CNM Launches New Artificial Intelligence (AI) Program

The program will help train students to enter one of the country’s most in-demand fields
July 29, 2021

Starting in the upcoming Fall Term, students interested in Artificial Intelligence (AI) will now be able to get a certificate from CNM. The college also plans to offer a full associate degree in AI next year. 

The new program is being offered thanks to a partnership with Intel. That company, through its Workforce Program, recently partnered with 18 community colleges in 11 states with a plan to train up thousands of new students for this quickly growing field. CNM is the only college in New Mexico offering the program.

“Here at CNM we always want to be on the cutting edge and be ready to train students for the jobs that are most in demand,” says Kalynn Pirkl, the Interim Dean for CNM’s School of Business & Information Technology (BIT) where the AI program is housed. 

In the AI certificate and associate degree program, CNM students will learn about data collection, AI model training, coding, and the societal impact of AI technology. When they’re done, they’ll be primed to land jobs in fields including high tech, healthcare, automotive, industrial, and aerospace.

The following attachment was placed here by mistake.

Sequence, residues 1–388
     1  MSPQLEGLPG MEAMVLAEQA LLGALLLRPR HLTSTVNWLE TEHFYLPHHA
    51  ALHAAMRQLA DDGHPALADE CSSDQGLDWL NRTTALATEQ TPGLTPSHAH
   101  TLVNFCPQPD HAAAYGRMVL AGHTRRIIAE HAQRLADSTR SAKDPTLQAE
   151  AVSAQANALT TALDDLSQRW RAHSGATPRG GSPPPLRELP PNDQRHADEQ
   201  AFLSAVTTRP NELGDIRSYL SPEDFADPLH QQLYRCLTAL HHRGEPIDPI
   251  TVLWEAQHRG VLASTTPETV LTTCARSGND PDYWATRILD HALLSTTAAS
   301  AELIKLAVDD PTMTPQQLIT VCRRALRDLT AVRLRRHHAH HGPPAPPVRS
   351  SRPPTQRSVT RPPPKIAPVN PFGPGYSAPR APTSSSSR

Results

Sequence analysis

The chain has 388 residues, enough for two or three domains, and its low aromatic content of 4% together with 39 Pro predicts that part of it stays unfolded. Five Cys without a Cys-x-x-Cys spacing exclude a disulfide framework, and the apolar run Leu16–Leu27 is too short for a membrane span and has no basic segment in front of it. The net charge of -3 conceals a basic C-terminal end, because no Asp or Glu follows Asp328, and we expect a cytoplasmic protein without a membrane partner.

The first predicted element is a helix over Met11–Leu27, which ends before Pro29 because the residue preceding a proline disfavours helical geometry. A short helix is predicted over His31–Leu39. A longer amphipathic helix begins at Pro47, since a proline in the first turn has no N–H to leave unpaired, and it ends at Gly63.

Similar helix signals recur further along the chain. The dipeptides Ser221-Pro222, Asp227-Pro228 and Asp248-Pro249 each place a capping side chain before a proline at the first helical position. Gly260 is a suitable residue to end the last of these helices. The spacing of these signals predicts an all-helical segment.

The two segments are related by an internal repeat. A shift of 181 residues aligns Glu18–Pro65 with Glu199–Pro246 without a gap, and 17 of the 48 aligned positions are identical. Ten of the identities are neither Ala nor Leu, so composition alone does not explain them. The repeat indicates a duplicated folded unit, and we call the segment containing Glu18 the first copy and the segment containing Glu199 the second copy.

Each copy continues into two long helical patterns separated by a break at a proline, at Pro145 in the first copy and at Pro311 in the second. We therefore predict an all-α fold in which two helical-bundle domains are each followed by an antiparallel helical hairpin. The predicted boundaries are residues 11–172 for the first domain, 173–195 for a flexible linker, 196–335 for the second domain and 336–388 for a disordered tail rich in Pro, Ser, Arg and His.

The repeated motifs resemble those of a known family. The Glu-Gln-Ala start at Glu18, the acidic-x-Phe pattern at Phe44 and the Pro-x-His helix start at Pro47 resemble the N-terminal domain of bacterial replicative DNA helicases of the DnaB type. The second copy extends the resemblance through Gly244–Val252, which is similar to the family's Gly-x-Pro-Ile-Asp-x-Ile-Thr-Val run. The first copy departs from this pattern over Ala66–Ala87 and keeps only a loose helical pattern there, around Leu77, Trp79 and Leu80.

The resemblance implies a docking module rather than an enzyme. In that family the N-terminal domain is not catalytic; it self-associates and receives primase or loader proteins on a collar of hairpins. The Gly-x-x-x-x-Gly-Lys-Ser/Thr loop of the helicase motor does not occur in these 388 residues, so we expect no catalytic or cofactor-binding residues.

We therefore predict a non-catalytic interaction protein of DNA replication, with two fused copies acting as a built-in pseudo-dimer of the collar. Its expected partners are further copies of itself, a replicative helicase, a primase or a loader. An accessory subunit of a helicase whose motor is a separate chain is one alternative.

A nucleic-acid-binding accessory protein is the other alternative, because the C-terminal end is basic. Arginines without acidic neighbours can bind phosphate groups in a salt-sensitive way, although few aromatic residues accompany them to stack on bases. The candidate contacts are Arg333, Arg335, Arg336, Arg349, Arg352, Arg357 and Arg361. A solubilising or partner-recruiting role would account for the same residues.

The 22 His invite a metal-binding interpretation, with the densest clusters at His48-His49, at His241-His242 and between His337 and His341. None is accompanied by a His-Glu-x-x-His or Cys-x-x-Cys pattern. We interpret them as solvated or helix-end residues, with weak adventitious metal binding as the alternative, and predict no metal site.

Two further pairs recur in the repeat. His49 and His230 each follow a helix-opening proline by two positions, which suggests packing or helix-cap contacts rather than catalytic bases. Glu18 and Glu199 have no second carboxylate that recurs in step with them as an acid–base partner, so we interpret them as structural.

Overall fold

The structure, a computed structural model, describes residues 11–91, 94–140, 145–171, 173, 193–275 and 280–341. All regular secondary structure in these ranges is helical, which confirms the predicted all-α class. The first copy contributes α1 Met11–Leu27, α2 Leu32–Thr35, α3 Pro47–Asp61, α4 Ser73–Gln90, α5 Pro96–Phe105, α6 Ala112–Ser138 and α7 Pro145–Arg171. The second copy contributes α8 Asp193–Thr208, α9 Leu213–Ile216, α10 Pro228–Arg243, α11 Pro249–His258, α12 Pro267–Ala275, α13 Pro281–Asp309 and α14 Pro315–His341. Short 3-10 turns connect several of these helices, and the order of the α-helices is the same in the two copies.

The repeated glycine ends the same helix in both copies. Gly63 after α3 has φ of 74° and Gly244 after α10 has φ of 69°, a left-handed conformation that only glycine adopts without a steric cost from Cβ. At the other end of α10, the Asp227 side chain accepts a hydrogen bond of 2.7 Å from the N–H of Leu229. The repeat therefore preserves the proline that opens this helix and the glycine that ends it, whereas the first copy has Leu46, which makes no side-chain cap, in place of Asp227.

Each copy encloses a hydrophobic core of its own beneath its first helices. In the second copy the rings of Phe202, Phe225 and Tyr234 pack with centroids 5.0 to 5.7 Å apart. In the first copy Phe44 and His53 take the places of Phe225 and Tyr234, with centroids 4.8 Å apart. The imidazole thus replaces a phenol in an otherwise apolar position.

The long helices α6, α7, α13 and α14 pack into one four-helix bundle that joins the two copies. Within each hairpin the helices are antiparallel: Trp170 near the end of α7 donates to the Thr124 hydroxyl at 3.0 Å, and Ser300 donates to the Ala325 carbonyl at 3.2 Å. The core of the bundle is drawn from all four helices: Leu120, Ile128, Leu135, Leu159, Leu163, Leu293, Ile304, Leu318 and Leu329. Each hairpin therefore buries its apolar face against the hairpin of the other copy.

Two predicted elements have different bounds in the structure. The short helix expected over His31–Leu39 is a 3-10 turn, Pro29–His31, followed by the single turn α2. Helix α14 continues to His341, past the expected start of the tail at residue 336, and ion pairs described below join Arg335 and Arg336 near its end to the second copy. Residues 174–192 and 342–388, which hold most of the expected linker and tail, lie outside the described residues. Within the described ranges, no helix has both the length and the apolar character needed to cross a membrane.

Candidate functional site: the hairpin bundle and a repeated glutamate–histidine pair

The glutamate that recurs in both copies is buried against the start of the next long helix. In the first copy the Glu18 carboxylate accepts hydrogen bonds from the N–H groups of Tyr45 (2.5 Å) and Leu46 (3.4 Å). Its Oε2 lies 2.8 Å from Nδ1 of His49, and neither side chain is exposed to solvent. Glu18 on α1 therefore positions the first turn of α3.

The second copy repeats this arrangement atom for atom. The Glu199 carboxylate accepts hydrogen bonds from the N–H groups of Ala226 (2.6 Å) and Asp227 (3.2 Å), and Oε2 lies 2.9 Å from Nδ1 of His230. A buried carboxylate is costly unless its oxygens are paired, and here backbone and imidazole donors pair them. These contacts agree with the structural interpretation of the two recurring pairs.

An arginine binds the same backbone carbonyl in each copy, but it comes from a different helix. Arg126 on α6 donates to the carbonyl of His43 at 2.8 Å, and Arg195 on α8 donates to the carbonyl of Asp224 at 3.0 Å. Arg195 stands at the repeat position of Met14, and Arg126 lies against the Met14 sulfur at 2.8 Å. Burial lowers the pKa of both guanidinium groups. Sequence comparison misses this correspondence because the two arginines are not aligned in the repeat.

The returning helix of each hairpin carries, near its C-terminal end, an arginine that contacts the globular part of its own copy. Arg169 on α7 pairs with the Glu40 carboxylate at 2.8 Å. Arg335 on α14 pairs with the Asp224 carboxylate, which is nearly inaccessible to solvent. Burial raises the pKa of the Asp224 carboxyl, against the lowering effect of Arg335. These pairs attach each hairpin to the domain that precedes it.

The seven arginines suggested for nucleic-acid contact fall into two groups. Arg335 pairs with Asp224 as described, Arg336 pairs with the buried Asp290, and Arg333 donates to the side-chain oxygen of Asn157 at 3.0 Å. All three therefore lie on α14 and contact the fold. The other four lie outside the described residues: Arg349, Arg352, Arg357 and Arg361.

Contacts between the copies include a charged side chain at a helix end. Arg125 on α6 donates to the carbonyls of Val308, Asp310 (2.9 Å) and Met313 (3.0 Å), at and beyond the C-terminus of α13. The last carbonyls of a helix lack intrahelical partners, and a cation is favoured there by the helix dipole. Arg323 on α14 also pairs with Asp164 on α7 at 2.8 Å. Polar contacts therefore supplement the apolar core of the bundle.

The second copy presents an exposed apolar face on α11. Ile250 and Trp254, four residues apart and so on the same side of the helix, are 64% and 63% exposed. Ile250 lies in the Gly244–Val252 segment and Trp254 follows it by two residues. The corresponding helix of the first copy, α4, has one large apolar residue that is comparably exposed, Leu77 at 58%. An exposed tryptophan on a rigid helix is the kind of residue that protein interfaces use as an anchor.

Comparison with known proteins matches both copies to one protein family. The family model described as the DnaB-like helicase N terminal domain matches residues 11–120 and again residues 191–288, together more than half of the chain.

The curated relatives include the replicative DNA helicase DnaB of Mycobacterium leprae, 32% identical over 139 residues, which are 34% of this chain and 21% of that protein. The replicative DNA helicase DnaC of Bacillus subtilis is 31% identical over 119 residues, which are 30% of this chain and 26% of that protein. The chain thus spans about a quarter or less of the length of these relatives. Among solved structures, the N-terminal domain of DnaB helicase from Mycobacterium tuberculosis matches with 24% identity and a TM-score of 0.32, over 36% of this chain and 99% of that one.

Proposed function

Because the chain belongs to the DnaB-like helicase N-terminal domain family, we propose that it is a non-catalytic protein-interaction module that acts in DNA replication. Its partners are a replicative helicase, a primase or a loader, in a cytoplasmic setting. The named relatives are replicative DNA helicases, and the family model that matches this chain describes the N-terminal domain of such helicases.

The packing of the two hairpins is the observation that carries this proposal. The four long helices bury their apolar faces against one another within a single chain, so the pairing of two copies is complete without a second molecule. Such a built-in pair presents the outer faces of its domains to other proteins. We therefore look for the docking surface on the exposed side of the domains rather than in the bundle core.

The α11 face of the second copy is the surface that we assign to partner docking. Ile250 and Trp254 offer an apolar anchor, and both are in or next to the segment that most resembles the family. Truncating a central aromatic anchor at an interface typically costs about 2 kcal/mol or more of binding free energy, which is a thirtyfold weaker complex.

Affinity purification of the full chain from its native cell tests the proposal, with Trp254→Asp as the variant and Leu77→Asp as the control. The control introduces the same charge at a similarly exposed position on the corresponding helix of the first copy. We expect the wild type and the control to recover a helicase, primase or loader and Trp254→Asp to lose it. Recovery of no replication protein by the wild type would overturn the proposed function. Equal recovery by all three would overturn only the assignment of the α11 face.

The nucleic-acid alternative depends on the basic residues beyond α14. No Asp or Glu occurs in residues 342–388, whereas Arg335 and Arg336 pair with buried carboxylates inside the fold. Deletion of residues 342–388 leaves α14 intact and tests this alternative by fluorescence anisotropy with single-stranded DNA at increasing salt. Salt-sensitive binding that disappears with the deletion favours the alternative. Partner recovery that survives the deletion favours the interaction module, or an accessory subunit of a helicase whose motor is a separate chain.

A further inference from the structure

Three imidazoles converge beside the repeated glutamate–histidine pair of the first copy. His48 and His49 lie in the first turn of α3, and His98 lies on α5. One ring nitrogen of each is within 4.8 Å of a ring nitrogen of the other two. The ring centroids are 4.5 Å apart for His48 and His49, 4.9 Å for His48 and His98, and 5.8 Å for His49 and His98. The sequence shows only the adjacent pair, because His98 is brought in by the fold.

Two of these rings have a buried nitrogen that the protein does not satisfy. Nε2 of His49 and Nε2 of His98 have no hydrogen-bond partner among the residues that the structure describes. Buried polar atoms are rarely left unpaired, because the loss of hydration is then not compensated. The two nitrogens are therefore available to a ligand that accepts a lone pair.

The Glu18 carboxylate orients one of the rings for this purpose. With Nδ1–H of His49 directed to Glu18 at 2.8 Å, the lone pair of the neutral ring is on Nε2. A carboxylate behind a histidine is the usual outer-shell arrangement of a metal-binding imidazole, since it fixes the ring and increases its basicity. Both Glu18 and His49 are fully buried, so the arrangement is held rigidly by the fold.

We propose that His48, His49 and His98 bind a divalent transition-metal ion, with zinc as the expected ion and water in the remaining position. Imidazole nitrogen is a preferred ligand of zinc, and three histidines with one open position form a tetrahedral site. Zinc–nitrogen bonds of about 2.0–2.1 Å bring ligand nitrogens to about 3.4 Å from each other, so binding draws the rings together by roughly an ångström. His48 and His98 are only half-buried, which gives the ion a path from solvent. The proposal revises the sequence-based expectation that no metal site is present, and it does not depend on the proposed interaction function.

CNM and Intel are launching the program now because there’s a growing need to reskill and upskill Americans after the pandemic and because AI has exploded in popularity. According to a 2021 co-branded Dell and Intel survey, AI skills were the second most in-demand skill behind cybersecurity. Additionally, Intel says 50 percent of community college educators across the country anticipate AI and machine learning (AI/ML) as the areas of study most expected to increase in demand over the next three years. At four-year institutions, 64 percent of educators anticipate the largest increase of interest will be in AI/ML studies, followed by cybersecurity. Intel also found that 73-percent of survey respondents expect AI literacy skills to become higher in-demand by a diversity of employers.

“Ignoring AI today is like ignoring social media a decade or two ago,” says Sionna Grassbaugh, the Associate Dean in BIT. “That’s how much it’s going to make a difference. That’s how much things are going to change.”

To support the new AI program at CNM, Intel is contributing technical advice, faculty training, summer internships for students, and Intel mentors for both students and faculty members. There are seven classes in the certificate that cover a broad range of topics including coding, data visualization, and information literacy. 

Sionna says the program was specifically built for a wide audience, and students don’t need a computer science background. Instead, she says, the college is encouraging students in fields like business and health to apply because it will supplement those degrees. 

“This program is meant for anyone interested in AI,” she says. “When you combine AI with your career technical background, you’ll be set for success.”